If you travel, you shouldn’t leave home without a Virtual Private Network (VPN).
A VPN is an application that runs on your computer or phone. It encrypts your data and conceals your location. That makes it harder for hackers to steal your password and other valuable data. It also allows you to access websites that may be blocked in the country you’re visiting.
Russia, China, and Iran heavily restrict or ban VPNs. Other countries that monitor their citizens and visitors hope you’ll go VPN-less when you travel. Remarkably, only 41 percent of Americans use a VPN, according to Security.org.
“A VPN is the only way to ensure that all data you send from your computer or phone over the network is secure and not being read by other people,” says Eli White, chief technology officer at smarTours.
White says VPNs are especially useful for international travelers. Some countries block websites (for example, you can’t access YouTube from mainland China). So if you’re traveling abroad and want to continue watching your favorite videos, you’ll need a VPN.
I’ve been thinking about VPNs a lot lately
During the recent COVID protests in China, protesters reportedly saw police checking the cell phones of passersby. They asked them if they had installed VPNs that could be used to circumvent China’s internet firewall. In Iran, anti-government protestors are using a combination of VPNs and TikTok to get their message out during a violent government crackdown.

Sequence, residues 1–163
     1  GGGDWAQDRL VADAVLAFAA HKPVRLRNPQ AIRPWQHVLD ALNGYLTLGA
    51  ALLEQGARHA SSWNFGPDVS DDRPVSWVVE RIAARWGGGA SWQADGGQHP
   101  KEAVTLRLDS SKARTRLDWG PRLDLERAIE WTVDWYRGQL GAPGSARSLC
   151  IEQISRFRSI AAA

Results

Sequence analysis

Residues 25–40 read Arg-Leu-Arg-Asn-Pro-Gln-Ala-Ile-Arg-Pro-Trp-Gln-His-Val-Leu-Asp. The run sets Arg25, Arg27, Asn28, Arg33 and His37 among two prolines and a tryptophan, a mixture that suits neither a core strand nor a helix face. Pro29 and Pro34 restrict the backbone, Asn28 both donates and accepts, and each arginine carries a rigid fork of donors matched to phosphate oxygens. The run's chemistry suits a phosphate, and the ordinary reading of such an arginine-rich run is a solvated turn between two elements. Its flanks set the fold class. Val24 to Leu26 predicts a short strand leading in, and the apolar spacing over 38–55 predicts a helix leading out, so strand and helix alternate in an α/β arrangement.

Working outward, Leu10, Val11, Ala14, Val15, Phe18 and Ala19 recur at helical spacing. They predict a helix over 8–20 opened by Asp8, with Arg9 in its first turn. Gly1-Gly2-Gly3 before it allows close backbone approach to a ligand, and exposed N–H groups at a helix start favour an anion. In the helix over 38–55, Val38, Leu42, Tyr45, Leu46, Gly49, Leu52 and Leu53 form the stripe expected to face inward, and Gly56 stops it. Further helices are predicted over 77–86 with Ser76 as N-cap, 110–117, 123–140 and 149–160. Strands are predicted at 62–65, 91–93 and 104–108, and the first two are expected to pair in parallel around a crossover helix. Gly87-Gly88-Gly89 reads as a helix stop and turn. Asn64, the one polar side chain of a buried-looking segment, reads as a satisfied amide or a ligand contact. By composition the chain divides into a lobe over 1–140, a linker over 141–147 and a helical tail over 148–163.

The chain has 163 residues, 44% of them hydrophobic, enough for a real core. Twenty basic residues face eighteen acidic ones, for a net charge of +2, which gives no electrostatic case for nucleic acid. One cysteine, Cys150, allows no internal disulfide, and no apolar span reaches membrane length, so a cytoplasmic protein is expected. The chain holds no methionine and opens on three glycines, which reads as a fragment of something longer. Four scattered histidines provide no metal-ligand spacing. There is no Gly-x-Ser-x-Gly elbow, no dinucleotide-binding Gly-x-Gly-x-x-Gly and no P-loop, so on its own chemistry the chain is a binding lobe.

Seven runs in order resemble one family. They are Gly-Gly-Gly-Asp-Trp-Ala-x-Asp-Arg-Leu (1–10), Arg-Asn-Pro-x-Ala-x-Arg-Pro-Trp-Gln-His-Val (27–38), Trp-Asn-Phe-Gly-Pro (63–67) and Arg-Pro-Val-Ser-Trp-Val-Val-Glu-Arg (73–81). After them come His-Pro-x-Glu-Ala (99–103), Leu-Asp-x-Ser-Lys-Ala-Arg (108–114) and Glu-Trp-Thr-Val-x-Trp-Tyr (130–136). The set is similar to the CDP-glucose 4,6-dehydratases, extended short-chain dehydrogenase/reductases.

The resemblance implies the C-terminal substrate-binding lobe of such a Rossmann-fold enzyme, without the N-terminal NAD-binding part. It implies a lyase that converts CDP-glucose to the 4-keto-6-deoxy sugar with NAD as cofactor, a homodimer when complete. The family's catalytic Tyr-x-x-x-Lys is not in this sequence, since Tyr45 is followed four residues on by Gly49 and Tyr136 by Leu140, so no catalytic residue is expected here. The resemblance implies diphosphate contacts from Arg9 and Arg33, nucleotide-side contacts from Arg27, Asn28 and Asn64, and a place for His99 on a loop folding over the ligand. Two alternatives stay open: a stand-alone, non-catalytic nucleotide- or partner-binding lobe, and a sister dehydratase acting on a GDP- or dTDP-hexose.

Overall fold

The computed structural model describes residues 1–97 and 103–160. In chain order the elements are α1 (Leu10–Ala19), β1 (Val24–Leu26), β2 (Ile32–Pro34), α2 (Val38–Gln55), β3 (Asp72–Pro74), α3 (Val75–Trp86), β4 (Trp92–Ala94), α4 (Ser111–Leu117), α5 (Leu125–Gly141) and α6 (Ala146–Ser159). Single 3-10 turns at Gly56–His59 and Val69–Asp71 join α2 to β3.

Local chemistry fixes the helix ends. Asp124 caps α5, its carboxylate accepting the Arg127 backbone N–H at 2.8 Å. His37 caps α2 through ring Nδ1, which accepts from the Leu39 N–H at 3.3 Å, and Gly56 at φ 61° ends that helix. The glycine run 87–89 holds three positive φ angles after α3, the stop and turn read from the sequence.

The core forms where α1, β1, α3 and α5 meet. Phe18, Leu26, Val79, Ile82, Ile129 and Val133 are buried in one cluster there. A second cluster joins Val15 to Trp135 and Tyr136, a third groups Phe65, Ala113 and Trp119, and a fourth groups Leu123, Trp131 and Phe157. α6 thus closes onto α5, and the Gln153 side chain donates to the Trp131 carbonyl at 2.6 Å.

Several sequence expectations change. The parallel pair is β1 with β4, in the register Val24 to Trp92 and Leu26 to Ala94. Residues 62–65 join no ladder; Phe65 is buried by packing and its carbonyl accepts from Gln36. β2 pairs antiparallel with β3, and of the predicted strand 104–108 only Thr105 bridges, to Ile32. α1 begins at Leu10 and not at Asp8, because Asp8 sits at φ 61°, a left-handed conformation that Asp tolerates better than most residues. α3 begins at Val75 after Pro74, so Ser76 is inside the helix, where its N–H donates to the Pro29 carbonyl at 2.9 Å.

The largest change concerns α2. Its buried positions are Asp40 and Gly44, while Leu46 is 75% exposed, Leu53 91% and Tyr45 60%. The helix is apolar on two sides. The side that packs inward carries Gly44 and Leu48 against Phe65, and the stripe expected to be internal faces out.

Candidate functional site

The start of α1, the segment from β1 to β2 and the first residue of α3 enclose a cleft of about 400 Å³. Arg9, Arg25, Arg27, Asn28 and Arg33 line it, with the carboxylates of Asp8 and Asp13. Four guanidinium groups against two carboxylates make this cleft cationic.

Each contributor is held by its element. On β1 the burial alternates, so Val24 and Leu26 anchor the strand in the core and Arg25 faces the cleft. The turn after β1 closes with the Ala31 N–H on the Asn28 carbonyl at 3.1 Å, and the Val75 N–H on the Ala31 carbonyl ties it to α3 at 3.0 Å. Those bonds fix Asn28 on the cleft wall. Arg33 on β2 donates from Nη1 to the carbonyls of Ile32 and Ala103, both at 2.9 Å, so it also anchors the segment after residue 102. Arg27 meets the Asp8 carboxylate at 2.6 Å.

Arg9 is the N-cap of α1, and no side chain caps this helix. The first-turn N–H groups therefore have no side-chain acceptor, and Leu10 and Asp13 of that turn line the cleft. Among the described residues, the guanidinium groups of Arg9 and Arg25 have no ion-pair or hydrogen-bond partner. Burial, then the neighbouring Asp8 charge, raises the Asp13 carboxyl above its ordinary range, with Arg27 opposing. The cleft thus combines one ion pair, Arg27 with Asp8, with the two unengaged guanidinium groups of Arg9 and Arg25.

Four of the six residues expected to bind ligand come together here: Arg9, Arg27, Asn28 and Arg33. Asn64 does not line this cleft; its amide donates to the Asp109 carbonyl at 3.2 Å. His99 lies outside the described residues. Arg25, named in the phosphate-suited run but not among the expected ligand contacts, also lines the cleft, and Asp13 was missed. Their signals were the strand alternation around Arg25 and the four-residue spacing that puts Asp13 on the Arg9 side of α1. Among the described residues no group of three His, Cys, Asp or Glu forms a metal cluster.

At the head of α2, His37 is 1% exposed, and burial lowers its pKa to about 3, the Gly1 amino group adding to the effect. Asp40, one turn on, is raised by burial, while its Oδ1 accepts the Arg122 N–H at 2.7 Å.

Even the World Cup in Qatar has brought back memories of my last visit. The Qatari government does not ban VPNs but blocks VPN websites to prevent its residents from viewing online content that’s government-sanctioned. So when I opened my web browser in Doha, I often ran into a digital dead end.
Here’s my view: What’s on my phone or computer is absolutely no one’s business. I certainly don’t want any foreign government snooping around on my devices. I’ll tell you when you need a VPN, and I’ll also cover some of the disadvantages of a virtual private network. Plus, I’ll tell you about some of the VPN mistakes to avoid.
When you should use a VPN
Some travelers wouldn’t go anywhere without their VPN. One of them is travel and technology expert Mike Slone.
Slone, who pays $99 for a one-year subscription to ExpressVPN, says he can easily connect to his U.S. sites from Nice, France, where he currently lives.